TelexFree: Civil Case Stayed, but Sann Rodrigues in Civil Contempt of Court Order


newtelexfreelogoBack in August of 2015, the SEC filed a Motion to find Sann Rodrigues in Civil Contempt (1:14-cv-11858 Mass.) for repeated violations of the Temporary Restraining Order, Order Freezing Assets, and Order for Other Equitable Relief entered as to all defendants on April 14, 2014. After this filing, we have many documents filed by both the Plaintiff and Sanderley Rodrigues; many of Rodrigues’ filings were seemingly fabricated, like his inability to speak English even after he made several Youtube videos in English and his repeated insistence that he cannot provide the Ordered accounting without incriminating himself.

Judge Nathaniel Gorton has responded to this matter of Civil Contempt and has issued his “Memorandum and Order”:

This lawsuit has been stayed pending the resolution of a parallel criminal proceeding brought by the U.S. Department of Justice against two of Rodrigues’s co-defendants (U.S. v. Wanzeler, 14-cr-40028-TSH). Despite the stay, two orders currently remain in place against Rodrigues freezing his assets and requiring him to provide the SEC with a full accounting of his assets and transactions. On August 12, 2015 the SEC filed a motion to hold Rodrigues in contempt (Docket No. 313), claiming that Rodrigues has yet to comply with either order.

In its motion to hold Rodrigues in contempt, the SEC alleges that Rodrigues has violated the temporary restraining order and preliminary injunction in numerous ways, including: 1) conducting financial transactions through several shell companies, 2) withdrawing money from his personal accounts, 3) using an online payment service provider to conduct transactions with assets from accounts subject to the freeze, 4) opening new accounts at different banks and conducting
transactions through those accounts, 5) selling and purchasing luxury automobiles and 6) transferring real estate to a shell company.

The SEC alleges that Rodrigues was able to conduct those transactions in spite of the freeze because he had also violated the Court order requiring him to provide an accounting of all of his assets. That order required defendant to disclose to the SEC all bank accounts and other assets that were subject to his direct or indirect control as of the date of the original asset freeze. As a result of Rodrigues’s failure to comply with the accounting order, the SEC alleges, it was unaware of many of his assets and was unable to notify the custodial institutions.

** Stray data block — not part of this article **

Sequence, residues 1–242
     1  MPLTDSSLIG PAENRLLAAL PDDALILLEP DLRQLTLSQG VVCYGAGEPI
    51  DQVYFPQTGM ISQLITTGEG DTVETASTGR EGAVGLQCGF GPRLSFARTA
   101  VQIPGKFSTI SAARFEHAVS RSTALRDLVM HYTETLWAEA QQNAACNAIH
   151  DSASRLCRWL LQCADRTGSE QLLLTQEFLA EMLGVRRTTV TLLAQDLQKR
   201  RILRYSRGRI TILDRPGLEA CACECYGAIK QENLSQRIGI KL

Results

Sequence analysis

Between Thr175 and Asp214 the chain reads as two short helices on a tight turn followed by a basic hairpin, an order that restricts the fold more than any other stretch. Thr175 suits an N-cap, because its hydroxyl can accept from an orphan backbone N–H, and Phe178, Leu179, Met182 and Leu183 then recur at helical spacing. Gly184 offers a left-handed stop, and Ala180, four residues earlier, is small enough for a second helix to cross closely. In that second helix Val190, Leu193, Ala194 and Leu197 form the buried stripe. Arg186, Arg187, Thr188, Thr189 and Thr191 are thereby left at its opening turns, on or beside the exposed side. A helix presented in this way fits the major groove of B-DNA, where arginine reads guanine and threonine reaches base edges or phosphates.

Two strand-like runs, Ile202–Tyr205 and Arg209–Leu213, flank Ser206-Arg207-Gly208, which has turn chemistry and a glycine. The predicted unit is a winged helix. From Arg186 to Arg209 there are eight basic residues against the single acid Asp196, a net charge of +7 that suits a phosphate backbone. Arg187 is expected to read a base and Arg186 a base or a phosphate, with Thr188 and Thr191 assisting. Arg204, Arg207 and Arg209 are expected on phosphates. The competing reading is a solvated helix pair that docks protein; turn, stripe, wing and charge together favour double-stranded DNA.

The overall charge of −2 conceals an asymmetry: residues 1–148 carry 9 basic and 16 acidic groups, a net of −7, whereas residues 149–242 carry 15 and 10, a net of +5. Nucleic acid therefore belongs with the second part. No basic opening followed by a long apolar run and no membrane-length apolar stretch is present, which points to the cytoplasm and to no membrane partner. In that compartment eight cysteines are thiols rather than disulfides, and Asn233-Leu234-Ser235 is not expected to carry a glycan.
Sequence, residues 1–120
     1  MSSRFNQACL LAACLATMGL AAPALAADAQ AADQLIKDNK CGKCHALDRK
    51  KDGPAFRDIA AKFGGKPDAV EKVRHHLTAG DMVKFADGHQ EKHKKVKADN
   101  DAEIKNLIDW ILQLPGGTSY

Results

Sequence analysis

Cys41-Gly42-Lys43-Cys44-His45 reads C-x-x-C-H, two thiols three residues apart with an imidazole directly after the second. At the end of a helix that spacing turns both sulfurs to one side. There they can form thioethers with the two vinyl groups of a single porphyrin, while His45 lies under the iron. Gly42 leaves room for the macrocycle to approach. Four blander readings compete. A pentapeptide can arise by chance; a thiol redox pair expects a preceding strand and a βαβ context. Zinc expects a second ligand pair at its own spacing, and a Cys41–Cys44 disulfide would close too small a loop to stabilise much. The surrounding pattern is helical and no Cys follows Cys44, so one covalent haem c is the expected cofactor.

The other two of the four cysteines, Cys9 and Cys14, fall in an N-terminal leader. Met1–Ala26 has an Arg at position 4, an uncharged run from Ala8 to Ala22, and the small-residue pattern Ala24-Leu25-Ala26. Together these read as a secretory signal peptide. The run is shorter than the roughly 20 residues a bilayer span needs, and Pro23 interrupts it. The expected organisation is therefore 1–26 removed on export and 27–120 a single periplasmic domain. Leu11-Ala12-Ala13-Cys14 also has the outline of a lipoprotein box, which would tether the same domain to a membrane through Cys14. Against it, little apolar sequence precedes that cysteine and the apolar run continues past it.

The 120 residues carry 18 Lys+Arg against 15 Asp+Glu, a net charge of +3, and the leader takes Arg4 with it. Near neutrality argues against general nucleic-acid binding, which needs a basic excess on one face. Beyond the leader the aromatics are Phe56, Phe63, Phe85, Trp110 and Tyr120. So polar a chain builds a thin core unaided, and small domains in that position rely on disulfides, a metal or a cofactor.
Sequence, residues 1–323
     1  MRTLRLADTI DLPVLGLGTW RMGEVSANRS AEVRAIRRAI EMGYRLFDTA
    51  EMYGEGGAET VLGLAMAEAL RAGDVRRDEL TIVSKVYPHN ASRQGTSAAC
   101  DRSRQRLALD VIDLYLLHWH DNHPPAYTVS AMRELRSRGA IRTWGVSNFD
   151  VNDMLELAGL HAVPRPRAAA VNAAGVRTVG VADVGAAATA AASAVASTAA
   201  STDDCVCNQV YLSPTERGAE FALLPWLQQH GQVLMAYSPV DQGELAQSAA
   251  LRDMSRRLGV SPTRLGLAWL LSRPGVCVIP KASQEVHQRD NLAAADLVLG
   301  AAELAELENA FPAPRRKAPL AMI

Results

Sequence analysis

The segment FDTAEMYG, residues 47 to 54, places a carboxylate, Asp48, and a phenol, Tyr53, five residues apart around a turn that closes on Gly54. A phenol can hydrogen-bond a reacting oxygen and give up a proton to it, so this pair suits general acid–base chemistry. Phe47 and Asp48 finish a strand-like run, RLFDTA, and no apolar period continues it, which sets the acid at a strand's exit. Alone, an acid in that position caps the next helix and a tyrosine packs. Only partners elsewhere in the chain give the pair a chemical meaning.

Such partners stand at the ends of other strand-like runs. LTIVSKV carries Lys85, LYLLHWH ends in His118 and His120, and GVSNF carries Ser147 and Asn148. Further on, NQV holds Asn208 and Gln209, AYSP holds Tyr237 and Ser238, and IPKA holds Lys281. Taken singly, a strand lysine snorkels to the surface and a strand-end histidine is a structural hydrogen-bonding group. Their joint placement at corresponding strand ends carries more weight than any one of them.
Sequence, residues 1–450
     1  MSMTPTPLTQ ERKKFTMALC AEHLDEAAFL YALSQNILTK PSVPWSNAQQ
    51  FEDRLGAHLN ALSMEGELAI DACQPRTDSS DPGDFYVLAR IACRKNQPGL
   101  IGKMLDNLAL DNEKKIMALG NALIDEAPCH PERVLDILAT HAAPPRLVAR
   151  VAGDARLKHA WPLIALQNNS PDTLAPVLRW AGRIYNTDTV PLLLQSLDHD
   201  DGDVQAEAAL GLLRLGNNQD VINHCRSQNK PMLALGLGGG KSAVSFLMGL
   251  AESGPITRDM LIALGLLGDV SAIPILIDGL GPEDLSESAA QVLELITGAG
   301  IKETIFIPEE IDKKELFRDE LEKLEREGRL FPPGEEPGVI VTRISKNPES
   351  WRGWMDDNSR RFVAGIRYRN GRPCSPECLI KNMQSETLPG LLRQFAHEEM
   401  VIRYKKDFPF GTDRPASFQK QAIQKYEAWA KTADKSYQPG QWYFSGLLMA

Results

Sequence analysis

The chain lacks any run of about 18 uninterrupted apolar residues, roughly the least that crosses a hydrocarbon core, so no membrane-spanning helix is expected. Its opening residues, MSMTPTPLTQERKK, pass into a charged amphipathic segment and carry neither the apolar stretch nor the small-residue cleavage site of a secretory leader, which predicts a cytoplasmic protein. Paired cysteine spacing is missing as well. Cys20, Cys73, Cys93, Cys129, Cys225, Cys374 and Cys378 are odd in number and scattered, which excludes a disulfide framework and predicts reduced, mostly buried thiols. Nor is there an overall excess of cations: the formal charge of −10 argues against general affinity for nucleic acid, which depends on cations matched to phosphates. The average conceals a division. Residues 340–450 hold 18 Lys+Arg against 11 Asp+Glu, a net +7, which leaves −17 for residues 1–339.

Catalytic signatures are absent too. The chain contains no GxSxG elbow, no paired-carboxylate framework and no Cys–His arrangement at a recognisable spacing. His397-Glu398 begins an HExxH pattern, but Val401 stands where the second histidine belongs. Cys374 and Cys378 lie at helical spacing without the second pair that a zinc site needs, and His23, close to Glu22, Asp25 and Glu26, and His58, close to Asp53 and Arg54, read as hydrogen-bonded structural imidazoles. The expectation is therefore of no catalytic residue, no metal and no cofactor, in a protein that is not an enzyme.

On April 16, 2014, a Temporary Restraining Order was issued and required all defendants to submit an accounting identifying all assets or transfers larger than $500. Rodrigues failed to submit such information. The May 8th Preliminary Injunction reiterated this requirement and Rodrigues once again failed to submit the required accounting.

More than one year later, this Court entered the June 10, 2015 Order (“Order to Provide Accounting”) (Docket No. 304) . That order required Rodrigues to submit the original accounting, provide a list of current assets and describe all transactions over $500 that he had conducted since the TRO was entered. Rodrigues finally submitted an accounting on July 30, 2015.

While Rodrigues did provide “an accounting”, the SEC maintained the information he provided was “deficient in several ways”. The SEC somehow obtained the required information “through other means and therefore no longer seeks an order to have Rodrigues provide this information”.

Judge Gorton then addressed the Contempt Motion:

The Court may hold a party in civil contempt if the movant has shown that (1) the party to be held in contempt had notice of the violated order, (2) the order is clear and unambiguous, (3) the party to be held in contempt had the ability to comply with the order and (4) the party to be held in contempt actually violated the order. The moving party must prove these four points by clear and convincing evidence.

In this case, Rodrigues was notified of each of the orders entered against him. Those orders contained detailed and specific language as to the assets that were frozen and the information that Rodrigues was to provide in his accounting. The orders require defendant to leave untouched accounts under his direct or indirect control and to provide information on accounts under his control. The SEC has also provided numerous exhibits of documentary and testimonial evidence demonstrating specifically how defendant violated the orders.

Rodrigues tried to raise several arguments, disputing that he had actual notice of the orders, the first prong of defense. He also asserted that he was unable to comply with these orders because to do so he would have to waive his Fifth Amendment Rights against self-incrimination.

He further contends that if the Court were to hold him in contempt, he would be unable to purge the contempt without waiving his Fifth Amendment right.

Judge Gorton then eviscerates Rodrigues’ absurd arguments with this: